Aug 29, 2015; Arlington, TX, USA; Dallas Cowboys running back Darren McFadden (20) runs the ball against the Minnesota Vikings at AT&T Stadium. Minnesota won 28-14. Mandatory Credit: Tim Heitman-USA TODAY Sports
Dallas Running Backs
Enough talk about the departure of running DeMarco Murray to the Philadelphia Eagles.
It’s time now to focus on the stable of talent that currently resides in Dallas-Ft.Worth in the Cowboys backfield.
No, we didn’t see too much of these guys during the preseason and saw nothing of the latest running back addition, Christine Michael from the Seattle Seahawks. There were a few glimpses here and there, but just not much to go on.
I’m not a believer that it matters a whole lot who starts this game against the Giants, or the following game at Philadelphia.
I don’t exactly subscribe to the theory that any running back can replace Murray. If this ideology was true, then the Dallas offense of the early and mid 1990s wouldn’t have all but shut down when Emmitt Smith was unavailable from time to time.
In this case, Murray is no Emmitt Smith.
In going this route, offensive coordinator Scott Linehan has his top two running backs basically performing in the role that they are cut out for.
Jul 30, 2015; Oxnard, CA, USA; Dallas Cowboys running back Joseph Randle (21) during training camp at River Ridge Fields. Mandatory Credit: Jayne Kamin-Oncea-USA TODAY Sports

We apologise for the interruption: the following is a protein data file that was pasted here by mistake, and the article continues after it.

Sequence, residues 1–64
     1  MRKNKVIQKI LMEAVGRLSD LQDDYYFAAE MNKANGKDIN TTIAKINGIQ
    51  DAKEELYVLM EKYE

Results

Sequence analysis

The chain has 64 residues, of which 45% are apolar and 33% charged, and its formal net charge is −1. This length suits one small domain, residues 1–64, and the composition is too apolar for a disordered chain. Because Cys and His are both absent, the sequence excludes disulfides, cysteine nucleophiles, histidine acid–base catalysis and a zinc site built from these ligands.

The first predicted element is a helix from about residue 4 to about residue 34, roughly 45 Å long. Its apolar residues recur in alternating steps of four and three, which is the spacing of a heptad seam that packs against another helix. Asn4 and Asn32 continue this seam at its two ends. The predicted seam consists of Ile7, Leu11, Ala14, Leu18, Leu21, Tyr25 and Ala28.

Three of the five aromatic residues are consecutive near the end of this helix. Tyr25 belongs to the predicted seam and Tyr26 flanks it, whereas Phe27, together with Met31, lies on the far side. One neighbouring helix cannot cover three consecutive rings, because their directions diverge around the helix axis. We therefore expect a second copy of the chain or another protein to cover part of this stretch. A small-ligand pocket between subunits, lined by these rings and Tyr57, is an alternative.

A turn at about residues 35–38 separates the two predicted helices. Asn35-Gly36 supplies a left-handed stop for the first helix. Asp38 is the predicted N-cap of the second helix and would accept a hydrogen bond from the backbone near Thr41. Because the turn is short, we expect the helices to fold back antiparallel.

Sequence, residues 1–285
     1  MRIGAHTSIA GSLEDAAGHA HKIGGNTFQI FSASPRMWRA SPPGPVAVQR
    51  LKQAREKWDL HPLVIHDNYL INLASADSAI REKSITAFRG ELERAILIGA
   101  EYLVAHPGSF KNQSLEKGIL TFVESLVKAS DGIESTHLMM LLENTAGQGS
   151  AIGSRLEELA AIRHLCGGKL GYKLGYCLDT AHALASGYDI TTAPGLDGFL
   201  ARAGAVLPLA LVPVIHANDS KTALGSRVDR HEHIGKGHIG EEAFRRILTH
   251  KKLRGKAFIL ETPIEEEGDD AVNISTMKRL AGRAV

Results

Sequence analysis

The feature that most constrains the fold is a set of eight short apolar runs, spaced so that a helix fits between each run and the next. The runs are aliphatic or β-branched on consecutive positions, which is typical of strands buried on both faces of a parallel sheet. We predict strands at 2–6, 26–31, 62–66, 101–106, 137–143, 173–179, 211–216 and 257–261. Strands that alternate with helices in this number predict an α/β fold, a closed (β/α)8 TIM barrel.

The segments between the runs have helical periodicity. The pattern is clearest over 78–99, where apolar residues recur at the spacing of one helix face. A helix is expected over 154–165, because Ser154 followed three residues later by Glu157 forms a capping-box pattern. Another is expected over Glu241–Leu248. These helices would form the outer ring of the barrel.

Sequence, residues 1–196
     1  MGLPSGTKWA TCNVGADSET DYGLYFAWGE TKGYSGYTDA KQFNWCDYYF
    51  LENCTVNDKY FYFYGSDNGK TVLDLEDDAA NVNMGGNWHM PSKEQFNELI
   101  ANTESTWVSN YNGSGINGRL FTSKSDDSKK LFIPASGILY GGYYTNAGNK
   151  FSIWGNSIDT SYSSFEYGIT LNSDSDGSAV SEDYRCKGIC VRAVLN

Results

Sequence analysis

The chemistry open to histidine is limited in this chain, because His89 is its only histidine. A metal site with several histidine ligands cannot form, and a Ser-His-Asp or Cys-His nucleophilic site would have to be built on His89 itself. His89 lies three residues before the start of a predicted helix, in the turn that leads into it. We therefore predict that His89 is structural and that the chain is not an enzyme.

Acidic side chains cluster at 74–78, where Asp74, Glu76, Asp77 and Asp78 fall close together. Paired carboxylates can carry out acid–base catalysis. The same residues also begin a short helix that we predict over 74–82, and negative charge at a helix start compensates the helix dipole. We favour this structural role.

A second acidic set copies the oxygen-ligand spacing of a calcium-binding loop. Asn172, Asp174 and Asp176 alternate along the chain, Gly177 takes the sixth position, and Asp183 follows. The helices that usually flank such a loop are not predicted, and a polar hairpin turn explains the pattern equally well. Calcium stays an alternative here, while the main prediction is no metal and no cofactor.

Joseph Randle has always been the primary backup in Dallas and this is the role he seems best suited to play. His pass protection skills aren’t exactly top-notch and it’s not like he hasn’t thrived in this role. There’s really no evidence I can see that states that he’s ready to carry the football 20-plus times per game.
If healthy – a big if – McFadden is built like a featured running back. His measurements are strikingly similar to those of Murray and so is his running style. He’s got better height and bulk to handle all of the responsibilities that go along with playing the majority of first and second downs than Randle does.
The biggest advantage for the Cowboys in this particular game is the fact that they’ll be attacking on the ground in waves. Running back is arguably the most physically demanding position in all of football and the idea that Dallas can use any one of four tailbacks in order to help move the offense could be huge.
Considering the previously discussed problems facing New York on the defensive side of the ball, it’s a certainty that the Cowboys will execute 20-plus carries in this game, regardless of how the game begins.
I expect the Giants defense to play tough in the early going. This is when fatigue has yet to set in and it might take a quarter or two before the Cowboys start breaking off some bigger carries. But the Giants have to honer this threat in order to stay in this game, and this is where the passing game could end up breaking the game open – remember that lack of a pass rush that they’re going to have when rushing just four.
It’s just a matter of time before the running backs start eating up Big Blue on the ground.
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